tiny home being towed by suv
Leah Berenson
Leah Berenson
March 10, 2024 ·  3 min read

Woman Had to Move Out of Her Tiny Home After 1 Day Because the City Threatened to Fine Her $1,000 a Day

Tiny homes are the new way of living. They have everything you need in a house with limited space. In particular, if you’re a minimalist, the tiny home allows people to reduce clutter and live with only the essentials. Sometimes, people seek out a large lot of land to achieve peace and quiet in our vastly populated world.

Additionally, if someone lives on a tight budget, this method of housing is generally much less expensive. Their benefits greatly outweigh the cons. However, earlier this year, a Meridian, Idaho woman ran into a snag with her tiny home.

Image Credit: Chasidy Decker | Institute for Justice

A Solution to the Housing Crisis

Chasidy Decker moved into a tiny home to solve her inability to buy a home. She put her new 252 sq ft tiny home on the property of Robert Calacal. The pair agreed on a $600 monthly rent, and Chasidy parked her new mobile, tiny home in the yard. Calacal lives in California but owns a home and the property on which Decker has moved her tiny home.

However, within one day of the new living arrangements, a concerned neighbor contacted the city’s government to find out about any laws that may prohibit Decker from living on Calacal’s property. It turns out the city has a ban on living in mobile homes, and a tiny home falls into that category.

Image Credit: Chasidy Decker | Institute for Justice

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Law Enforcement Bans Tiny Home

Decker and Calacal were contacted by a Meridian city code enforcement officer. The pair was informed they would face criminal prosecution and fines of $1,000 daily. Alternatively, Decker was told she could move out instead. In response to these threats, Robert and Chasidy pointed out that many other neighbors and residents also lived in tiny homes and RVs throughout the neighborhood.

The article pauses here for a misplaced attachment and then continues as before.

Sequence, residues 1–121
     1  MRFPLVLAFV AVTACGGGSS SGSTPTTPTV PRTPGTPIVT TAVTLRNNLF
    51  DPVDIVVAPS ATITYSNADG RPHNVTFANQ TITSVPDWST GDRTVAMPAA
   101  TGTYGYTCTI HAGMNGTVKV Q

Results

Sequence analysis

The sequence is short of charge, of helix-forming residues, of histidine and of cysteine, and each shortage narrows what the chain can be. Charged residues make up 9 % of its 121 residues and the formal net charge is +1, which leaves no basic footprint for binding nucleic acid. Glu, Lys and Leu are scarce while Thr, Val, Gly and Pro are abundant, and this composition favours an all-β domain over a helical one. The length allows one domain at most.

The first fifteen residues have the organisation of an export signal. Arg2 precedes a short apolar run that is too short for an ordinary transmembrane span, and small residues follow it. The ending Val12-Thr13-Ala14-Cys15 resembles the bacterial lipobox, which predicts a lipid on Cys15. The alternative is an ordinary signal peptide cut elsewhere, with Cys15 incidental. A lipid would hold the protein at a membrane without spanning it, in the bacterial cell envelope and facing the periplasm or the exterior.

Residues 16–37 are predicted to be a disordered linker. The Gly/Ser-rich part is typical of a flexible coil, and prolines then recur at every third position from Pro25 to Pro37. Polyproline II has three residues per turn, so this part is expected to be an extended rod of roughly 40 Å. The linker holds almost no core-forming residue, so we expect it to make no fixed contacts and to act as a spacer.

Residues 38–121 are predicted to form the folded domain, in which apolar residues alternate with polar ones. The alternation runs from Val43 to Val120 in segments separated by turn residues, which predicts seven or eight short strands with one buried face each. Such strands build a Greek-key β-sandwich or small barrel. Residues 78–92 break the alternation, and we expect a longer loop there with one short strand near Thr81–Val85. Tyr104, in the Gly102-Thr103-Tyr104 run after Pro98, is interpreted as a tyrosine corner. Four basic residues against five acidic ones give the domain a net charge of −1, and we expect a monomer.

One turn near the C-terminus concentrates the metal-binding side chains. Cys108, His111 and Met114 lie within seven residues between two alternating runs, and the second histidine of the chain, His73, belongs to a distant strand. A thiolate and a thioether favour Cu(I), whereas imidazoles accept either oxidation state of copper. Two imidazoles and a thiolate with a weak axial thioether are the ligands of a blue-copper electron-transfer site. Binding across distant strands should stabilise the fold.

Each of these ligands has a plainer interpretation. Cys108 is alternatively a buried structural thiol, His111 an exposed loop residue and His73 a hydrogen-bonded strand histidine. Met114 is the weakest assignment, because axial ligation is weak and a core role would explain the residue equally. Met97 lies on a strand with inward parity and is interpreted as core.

However, they were told the other neighbors were allowed to be there because they had been there for a long period. In contrast, Decker and Calacal are newer residents who haven’t been residents for long, with one currently residing in another state. According to the Institute of Justice, this is not a legal law to enforce.

Taking a Legal Approach

As a follow-up to the tiny home fiasco, Decker has opted to take legal action. She’s suing the city of Meridian because she’s now homeless. The pair filed a lawsuit, bringing up five examples of how the tiny home ban breaches Idaho’s state constitution. The Institute for Justice has picked up the case and wrote a blog about the woman’s struggles.

They are a non-profit law firm that helps citizens with various needs, including putting an end to the abuse of power by government officials. According to the blog, Boise is one of the places in the nation that has been hit hardest by the housing crisis. They estimate the cost of living has increased by 118% since 2017. Meridian is a roughly 20-minute drive from Boise. As a result, it’s understandable how this rise of cost has had an impact on the surrounding cities, including Meridian.

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Reinforcements Against Tiny Home Ban

In addition to sharing her story with the Institute of Justice, Decker also shared her story with the ‘Idaho Statesman.’ She has expressed that she is “disappointed because I really wish I was living in my home again. But I have high hopes that in the end, something good will happen. And I appreciate that the judge is so engaged with the case, because this is something that affects a lot of people in the housing crisis.”

Judge Jason Scott, currently presiding over the District Court of Ada County. He is reviewing the case and has allowed 4 of the 5 examples to move forward. However, he has stated that Decker isn’t allowed to reside in her tiny home during the legal proceedings.

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